Kate Bevilaqua wins Ultra 520 in Penticton
Prior to this year, no woman had ever finished higher than third overall in an Ultradistance multisport event anywhere in the world.
Enter Kate Bevilaqua, a 38-year-old professional triathlete from Perth, Western Australia, who stunned the triathlon endurance community by grabbing the top spot overall in the brutal Ultra520 – formerly Ultraman Canada – held in Penticton Aug. 1–3.
Day 1 involved a 10-km swim in Lake Skaha, followed by a 149.8-km ride on parts of the old Ironman Canada course, Day 2 incorporated a 275.8-km bike ride to Princeton, and – on extremely tired legs – Day 3 dealt out a double-marathon 84.4 km of road and trail running.
Bevilaqua, accompanied by her entourage, which included husband and professional triathlete, Guy Crawford, posted an cumulative time of 24:16:27 to finish ahead of men’s champion Juan Bautista Castilla Arroyo, who clocked a 24:42:02.
Over the three days, Bevilaqua set five records in the 520-km event: the women’s (10 km) swim course (2:37:57), the Day 1 combined time (7:26:38), the Day 1 and 2 combined time (16:44:21), and the 84.4-km double-marathon on Day 3 (7:32:06), thereby smashing the women’s old mark of 25:24:32 set in 2014 by Yvonne Timewell by more than an hour.
On the long ride during Day 2 the race started to get interesting for Bevilaqua. “It was such a struggle at the end of the bike and I was lying in bed wondering if I could run 84 kilometres,” she admitted. The following morning she allowed the front runners to move ahead and opted not to have her support crew or a pacer for the first 42.2 km. “I wanted to hold that off, save it as a treat for the second half,” she said.
Consuming a gel every 30 minutes, while continuing to take in her electrolyte drink and briefly walking through aid stations every 10 km, she focused on two-kilometre increments to inch toward the line. “I knew 50 to 70 km was the toughest in terms of terrain. The hills were bigger and I was exposed to the elements,” she noted. At this point she opted to run with a member of her crew beside her. “It was at this stage I was starting to get demanding. I didn’t want to know how great I looked or that I was nearly there because I wasn’t. I didn’t want to know about keeping a high cadence, staying relaxed and strong. I was in my own little world and it didn’t involve any of that.”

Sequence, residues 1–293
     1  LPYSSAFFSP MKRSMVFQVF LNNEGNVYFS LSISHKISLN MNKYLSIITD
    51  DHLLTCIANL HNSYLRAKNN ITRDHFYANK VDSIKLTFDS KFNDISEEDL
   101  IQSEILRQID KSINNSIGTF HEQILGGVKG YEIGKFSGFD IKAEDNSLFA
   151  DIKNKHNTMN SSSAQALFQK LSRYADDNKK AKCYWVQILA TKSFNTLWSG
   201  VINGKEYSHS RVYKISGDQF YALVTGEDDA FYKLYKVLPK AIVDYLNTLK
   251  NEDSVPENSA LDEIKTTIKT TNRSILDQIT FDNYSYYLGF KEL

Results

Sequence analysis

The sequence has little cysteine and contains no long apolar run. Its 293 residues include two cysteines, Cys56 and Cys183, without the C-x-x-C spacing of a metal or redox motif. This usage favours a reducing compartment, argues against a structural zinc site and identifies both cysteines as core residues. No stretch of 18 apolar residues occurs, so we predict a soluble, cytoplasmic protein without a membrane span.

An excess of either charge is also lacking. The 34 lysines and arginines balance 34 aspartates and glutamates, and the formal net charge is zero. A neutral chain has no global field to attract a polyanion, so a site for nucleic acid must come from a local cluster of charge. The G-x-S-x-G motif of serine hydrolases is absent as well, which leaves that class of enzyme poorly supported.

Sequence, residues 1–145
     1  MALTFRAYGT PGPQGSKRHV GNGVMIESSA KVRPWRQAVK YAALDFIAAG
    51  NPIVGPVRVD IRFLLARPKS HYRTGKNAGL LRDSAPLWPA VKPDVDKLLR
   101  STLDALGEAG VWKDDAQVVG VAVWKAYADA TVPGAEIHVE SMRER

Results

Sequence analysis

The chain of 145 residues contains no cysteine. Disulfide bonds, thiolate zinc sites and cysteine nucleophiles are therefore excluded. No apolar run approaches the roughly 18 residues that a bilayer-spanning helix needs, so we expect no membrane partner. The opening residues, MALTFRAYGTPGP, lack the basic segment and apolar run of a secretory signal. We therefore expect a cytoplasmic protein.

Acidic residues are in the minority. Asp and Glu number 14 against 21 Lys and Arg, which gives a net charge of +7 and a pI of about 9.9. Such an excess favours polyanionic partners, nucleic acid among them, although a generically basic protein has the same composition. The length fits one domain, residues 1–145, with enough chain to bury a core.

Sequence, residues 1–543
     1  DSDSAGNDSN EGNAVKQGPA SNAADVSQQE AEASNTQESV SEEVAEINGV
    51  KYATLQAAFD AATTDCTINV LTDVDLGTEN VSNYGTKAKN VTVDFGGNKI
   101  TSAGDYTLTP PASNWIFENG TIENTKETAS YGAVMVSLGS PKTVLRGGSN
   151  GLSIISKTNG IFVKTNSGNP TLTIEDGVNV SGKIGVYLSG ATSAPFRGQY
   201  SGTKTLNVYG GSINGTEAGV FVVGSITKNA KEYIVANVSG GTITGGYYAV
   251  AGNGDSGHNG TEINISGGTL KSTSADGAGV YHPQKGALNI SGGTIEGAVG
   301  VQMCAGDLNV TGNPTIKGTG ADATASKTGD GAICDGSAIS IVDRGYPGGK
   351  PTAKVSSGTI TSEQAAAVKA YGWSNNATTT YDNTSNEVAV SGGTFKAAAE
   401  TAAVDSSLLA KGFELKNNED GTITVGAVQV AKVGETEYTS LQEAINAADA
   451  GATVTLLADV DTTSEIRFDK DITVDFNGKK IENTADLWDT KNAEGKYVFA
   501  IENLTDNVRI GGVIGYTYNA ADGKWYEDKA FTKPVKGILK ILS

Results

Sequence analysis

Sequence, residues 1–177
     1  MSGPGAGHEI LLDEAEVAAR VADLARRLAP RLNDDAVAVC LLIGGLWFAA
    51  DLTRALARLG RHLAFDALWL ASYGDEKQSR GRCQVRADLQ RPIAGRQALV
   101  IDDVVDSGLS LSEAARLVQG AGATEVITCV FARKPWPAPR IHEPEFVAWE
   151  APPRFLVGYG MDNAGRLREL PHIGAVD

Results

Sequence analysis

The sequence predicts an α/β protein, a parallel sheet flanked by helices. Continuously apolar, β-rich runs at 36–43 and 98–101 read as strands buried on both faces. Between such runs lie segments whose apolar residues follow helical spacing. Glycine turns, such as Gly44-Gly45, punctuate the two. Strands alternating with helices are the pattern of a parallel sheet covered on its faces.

With just over 20 km of the run to go, race director Steve Brown drove by in his car toward the finish line. He slowed to pass on words of encouragement, provided time gaps and then informed Bevilaqua that if she continued at the pace she would create history; it would be the first time a female had won an Ultraman event outright in the 32-year history of the event.
Finally, after more than seven and a half hours of running, she made the last left-hand turn and, with her crew, crossed the finish line together. “No words will ever be able to describe the emotions I was feeling. I saw the time on the clock and could not believe what I had done. That Day 3 was what dreams were made of. That day you know you have in you – but just never think it is possible – until it happens.”
After crossing the finish line, Bevilaqua said, “I had a lot of personal things I wanted to achieve and winning the overall [title] was an incredible bonus. It was just an amazing experience all around and I exceeded all my expectations.”
Brown was thrilled with the first version of the Ultra520k.
“It’s just fantastic for the event and the sport to have a female win the race outright,” said Brown. “It’s just a tremendous accomplishment. Women are on the cusp of doing some amazing things in ultra-endurance racing and what Kate did here – it’s a new benchmark. I just think it’s great for female athletes and hopefully it gives even more of them the courage to step forward and take on the challenge.”